Similarly, the C-2 form indicates that per the HR generalist, Plaintiff was injured when "bending to pick up safety post," on the "12th floor." (Memo in Opp and in Supp of Cross-Motion, Ex F, NYSCEF Doc No 60 [C-2 Form] at 12.) Plaintiff, however, disputes in his 50-h transcript that he related to the HR generalist who prepared the C-2 Form that he was hurt bending to pick up the safety post. (Coyle 50-h Tr at 81:07-25; 82:08-22; 84:08-12.)

Whereas Plaintiff testified on the 50-h transcript that the C-2 report was prepared by someone outside his presence and by someone whom lie never met, who in effect allegedly misunderstood what he said, Green states that the Green Report was prepared and signed by himself and Plaintiff in each other's presence. (Green Report and Green Aff ¶¶ 9, 10.) Further, the Green Report and Affidavit state the same thing as the C-2 form as to the cause of the injury.

On June 3, 2016, Plaintiff signed a form C-3 Employee Claim, where it appears for the first time that Plaintiff claimed that lie slipped, tripped, and twisted himself while carrying steel angles. In this June 3 report, signed by Plaintiff, Plaintiff mentions that lie fell on the twelfth floor, which is inconsistent with his deposition testimonies on the instant motion.

To reiterate, the instant motion for summary judgment is precluded by issues of fact that require credibility determinations. Most notably, there is a question of fact as to whether Plaintiff's injury occurred in the manner he alleges—when he tripped, slipped and fell—or whether it occurred when he was lifting a post, as suggested by the Green Report. Further, and as will be discussed further below regarding Defendants' cross-motion, there are questions of fact regarding whether the aforesaid Industrial Code provisions apply, even assuming that the accident occurred as Plaintiff alleges.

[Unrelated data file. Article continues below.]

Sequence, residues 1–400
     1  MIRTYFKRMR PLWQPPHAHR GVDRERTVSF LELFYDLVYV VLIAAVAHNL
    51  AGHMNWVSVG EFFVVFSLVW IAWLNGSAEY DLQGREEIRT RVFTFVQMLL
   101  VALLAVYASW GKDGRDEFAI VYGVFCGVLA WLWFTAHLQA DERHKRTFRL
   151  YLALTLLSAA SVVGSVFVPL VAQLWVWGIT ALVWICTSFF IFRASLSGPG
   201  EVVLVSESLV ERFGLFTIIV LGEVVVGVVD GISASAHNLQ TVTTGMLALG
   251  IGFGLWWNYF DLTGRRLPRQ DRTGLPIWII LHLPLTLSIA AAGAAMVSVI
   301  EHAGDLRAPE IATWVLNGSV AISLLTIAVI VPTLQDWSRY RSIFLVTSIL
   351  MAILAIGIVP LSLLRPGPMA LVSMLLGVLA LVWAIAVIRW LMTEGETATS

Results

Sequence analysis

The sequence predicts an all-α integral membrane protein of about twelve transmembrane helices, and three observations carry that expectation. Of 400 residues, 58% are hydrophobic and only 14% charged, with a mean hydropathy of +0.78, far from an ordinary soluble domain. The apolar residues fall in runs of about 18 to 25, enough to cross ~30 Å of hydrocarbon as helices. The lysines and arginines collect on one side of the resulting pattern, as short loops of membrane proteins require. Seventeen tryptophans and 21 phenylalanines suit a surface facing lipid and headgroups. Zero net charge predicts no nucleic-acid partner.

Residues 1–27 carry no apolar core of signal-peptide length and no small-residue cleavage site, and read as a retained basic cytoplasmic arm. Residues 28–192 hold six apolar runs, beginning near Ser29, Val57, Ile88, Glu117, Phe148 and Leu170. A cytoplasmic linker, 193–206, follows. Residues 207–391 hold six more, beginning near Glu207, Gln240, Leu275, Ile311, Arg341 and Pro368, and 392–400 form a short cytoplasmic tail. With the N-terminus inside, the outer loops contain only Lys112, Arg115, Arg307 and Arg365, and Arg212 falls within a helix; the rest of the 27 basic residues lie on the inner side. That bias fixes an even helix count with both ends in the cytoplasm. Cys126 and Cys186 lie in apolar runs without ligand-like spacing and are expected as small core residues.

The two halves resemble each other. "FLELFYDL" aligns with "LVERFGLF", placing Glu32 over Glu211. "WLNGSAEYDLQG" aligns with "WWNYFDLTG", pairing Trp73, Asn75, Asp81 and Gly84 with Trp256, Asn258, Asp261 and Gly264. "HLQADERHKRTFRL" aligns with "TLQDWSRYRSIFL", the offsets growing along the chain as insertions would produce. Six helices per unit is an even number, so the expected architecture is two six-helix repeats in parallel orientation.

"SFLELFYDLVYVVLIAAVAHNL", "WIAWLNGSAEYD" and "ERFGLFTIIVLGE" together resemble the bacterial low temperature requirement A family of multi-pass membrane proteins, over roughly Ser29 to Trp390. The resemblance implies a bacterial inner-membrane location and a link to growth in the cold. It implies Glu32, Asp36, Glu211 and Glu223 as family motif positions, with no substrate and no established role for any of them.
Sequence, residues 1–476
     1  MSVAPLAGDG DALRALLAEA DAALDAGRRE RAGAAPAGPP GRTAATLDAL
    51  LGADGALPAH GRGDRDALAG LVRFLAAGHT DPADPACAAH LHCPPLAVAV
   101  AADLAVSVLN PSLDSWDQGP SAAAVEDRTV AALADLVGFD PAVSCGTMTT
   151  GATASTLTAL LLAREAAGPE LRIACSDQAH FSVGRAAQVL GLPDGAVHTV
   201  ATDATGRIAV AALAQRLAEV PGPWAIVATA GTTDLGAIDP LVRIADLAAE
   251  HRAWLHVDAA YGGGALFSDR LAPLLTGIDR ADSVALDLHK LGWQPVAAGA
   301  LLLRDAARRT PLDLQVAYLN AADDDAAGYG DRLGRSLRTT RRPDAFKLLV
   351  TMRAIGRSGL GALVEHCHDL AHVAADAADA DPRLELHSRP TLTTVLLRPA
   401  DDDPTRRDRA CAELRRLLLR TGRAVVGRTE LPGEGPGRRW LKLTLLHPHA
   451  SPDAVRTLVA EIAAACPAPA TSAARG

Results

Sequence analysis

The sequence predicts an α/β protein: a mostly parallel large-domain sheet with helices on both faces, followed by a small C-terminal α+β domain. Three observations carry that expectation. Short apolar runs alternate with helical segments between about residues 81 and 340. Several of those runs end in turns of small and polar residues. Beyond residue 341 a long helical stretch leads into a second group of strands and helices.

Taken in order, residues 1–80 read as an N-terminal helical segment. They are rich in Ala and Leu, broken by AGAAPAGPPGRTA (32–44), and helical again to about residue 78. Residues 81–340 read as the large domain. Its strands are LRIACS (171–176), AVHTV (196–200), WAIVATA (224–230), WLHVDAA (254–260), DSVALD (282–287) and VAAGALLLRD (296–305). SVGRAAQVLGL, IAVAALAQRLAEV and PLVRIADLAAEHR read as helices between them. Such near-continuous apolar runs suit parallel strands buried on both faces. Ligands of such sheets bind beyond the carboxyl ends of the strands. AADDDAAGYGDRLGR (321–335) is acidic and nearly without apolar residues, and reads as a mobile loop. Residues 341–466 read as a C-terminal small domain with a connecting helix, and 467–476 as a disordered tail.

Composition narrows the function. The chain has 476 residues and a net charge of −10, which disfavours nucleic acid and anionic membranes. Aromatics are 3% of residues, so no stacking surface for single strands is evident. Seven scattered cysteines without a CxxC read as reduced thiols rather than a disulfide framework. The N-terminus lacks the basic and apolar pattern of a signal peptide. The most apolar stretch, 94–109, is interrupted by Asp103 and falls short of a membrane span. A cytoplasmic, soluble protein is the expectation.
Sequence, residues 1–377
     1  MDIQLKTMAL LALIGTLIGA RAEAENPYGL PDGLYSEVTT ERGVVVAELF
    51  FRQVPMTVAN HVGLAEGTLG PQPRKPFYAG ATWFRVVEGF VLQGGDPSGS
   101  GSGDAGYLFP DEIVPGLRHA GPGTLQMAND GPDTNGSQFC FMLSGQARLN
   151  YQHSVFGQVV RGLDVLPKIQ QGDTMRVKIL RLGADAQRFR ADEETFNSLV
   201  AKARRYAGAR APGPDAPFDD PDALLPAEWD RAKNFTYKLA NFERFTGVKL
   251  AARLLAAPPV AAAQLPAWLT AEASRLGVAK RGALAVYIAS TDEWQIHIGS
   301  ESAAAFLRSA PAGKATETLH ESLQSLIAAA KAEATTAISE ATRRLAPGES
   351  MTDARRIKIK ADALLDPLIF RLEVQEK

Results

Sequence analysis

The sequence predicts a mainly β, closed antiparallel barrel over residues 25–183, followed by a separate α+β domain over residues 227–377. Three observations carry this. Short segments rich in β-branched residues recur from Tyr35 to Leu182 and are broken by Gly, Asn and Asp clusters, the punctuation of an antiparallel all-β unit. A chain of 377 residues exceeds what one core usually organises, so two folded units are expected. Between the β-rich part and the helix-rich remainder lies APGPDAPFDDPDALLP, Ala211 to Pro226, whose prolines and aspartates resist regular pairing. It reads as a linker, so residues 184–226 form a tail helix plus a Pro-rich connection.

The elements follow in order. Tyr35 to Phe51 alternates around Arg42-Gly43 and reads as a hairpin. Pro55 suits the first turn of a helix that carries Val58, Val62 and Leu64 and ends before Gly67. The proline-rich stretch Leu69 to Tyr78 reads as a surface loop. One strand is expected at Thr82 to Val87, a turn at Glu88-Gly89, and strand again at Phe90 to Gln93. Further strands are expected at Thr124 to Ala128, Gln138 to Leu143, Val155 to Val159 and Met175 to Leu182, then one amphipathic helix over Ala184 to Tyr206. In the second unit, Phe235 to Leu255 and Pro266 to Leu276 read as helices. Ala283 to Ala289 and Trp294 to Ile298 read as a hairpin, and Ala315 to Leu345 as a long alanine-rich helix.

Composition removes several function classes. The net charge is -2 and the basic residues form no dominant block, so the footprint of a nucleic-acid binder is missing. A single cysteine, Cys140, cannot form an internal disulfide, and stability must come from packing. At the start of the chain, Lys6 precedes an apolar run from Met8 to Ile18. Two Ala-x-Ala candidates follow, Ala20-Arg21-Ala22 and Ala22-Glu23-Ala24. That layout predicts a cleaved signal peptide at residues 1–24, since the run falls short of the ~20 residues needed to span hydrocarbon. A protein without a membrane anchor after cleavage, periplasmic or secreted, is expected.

II. Defendants' Cross-Motion

As to the cross-motion for summary judgment by Defendants regarding the Industrial Code §§ 23-1.7(d) and (e)(2), the Court finds that there are issues of fact for the jury to decide and, as such, the cross-motion is denied. Again, as demonstrated by the evidence above, to determine how the accident occurred requires the weighing of witness credibility due to the different versions. Moreover, contrary to the Defendants' arguments, although Plaintiff was working on the twelfth floor, that does not preclude the tenth or eleventh floor from being considered a working area in light of the necessity to go to the tenth floor to obtain supplies for the work being performed. In sum and substance, based on the evidence submitted on the instant motion and cross-motion, this Court cannot determine as a matter of law whether or not Plaintiff's alleged accident occurred within a "working area," as defined by the Industrial Code §§ 23-1.7(e)(2).

Likewise, on this cross-motion, this Court also cannot rule out, as a matter of law, that Plaintiff's accident was proximately caused by one of the "slipping hazards" enumerated in the Industrial Code § 23-1.7(d). To the extent that Defendants argue that Plaintiff did not fall on a "floor" for purposes of subsection (d), the Court rejects that argument.

With regard to Industrial Code §§ 23-1.7(e)(1)—assuming the accident occurred as Plaintiff alleges—this Court cannot determine as a matter of law whether or not Plaintiff's accident occurred within a passageway for purposes of that subsection. Here, Plaintiff, in his deposition, testifies that he tripped and slipped on metal banding and debris "between the stack of deck and the stack of iron." (Coyle 50-h EBT at 38:21-23.) He further describes the area where he fell as "like a makeshift corridor." (Id. at 69:2-6.) Granting all favorable inference to Plaintiff as the non-movant on the cross-motion, there is admissible evidence by which a jury could determine that Plaintiff fell within a passageway as defined by subsection (e)(1). (See Lois v Flintlock Const. Services, LLC, 137 A.D.3d 446, 447 [1st Dept 2016].)